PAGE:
Black Cellar Club (BLACC) is a communication mechanism and networking platform for African Sommeliers and beverage ambassadors throughout the African Continent. Brenda Karamba, our restaurant manager is now officially and proudly a member.
Read: My Story (so far) by Brenda Karamba
“I believe that wine is a love affair, passionate and personal. May my wine selection provide you with a roadmap of South Africa's diverse terroir, the occasional journey abroad for those feeling adventurous and send you home with your own love story to tell,” reads my wine list at Majeka House.
Who knew that a small girl like me who hails from Zimbabwe will ever have her name on the cover of a Restaurant menu and wine list, but here I am Restaurant Manager for Makaron Restaurant and also Wine Steward.
BLACC’s Purpose and Objectives:
BLACC is a vehicle seeking to bridge the gap between existing stakeholders within the wine and greater beverage sector – using its existing network and skilled executive team for the broader benefit of the wine producing industry.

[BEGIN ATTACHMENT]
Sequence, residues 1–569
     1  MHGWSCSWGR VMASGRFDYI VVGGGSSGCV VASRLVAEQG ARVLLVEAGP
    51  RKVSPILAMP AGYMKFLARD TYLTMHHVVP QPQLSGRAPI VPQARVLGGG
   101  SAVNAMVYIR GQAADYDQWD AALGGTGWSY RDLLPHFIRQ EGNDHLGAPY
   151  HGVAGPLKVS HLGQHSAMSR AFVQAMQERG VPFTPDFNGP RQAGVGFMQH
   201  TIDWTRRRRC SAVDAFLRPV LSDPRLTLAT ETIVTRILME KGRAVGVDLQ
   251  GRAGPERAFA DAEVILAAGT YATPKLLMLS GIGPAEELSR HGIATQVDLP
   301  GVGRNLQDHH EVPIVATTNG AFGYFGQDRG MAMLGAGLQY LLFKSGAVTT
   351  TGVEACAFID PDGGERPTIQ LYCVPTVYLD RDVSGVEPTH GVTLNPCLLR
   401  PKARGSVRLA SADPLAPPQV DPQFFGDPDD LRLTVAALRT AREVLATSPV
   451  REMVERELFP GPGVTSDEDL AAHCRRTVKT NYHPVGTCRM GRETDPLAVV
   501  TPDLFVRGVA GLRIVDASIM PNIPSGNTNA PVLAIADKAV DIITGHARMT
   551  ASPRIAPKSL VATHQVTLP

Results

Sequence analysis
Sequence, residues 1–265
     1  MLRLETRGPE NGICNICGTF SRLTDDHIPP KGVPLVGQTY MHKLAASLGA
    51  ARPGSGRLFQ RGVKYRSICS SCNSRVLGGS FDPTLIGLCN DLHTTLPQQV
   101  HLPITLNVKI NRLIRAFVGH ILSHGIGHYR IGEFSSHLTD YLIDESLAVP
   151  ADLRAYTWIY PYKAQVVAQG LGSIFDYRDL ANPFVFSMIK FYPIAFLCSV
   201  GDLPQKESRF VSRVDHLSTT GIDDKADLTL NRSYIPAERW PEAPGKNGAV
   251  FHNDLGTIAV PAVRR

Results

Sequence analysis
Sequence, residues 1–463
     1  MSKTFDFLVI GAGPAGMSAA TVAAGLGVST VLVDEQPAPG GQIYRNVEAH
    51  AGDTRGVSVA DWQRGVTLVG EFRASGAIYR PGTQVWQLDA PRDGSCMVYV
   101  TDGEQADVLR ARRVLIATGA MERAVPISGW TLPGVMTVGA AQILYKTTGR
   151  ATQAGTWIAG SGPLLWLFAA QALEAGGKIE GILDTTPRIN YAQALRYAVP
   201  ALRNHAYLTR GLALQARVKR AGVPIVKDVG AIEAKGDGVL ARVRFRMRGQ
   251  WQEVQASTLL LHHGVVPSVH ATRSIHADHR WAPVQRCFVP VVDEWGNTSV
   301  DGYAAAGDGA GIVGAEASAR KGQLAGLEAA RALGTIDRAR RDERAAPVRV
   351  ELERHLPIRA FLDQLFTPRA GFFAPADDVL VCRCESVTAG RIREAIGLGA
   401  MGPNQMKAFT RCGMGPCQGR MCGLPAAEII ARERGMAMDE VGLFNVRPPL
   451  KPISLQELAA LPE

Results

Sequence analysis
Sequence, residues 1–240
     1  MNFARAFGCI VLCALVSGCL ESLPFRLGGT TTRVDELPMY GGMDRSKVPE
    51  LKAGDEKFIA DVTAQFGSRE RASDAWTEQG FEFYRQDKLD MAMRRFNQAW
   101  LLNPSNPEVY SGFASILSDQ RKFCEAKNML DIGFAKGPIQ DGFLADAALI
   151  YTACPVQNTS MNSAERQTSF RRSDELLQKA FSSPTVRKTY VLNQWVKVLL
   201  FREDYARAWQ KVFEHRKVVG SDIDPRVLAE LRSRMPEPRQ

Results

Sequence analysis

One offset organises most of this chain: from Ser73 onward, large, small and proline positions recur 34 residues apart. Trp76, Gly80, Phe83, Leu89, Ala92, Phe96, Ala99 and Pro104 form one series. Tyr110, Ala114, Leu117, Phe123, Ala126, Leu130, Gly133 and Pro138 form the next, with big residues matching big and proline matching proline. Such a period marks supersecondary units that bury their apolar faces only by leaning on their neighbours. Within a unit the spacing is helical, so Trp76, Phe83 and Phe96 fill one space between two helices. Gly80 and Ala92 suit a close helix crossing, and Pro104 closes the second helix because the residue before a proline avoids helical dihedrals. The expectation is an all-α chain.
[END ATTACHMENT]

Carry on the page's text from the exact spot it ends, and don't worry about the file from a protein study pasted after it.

BLACC seeks to enhance the growth of the wine industry while working hand in hand with the wine farmers, workers and interested parties.
BLACC is committed to the interconnectivity of the African wine industry with its fledgling group of members hailing from Kenya, Nigeria, South Africa, Tanzania, Zambia and Zimbabwe.
Central to BLACC’s mission is the promotion of the responsible use of alcohol through a series of planned engagements between the public and its members.
BLACC seeks to create mutually beneficial relationships with already existing players in the wine industry. In order to achieve these goals, BLACC will approach all interested parties in good faith and in the interests of creating shared value.
While BLACC is an association focused on the promotion of black empowerment, it is not a workers union of any manner or form. Therefore, BLACC will not represent its members in disputes arising in the workplace.
BLACC’s executive team will be made up of at least 75% who are black professional sommeliers.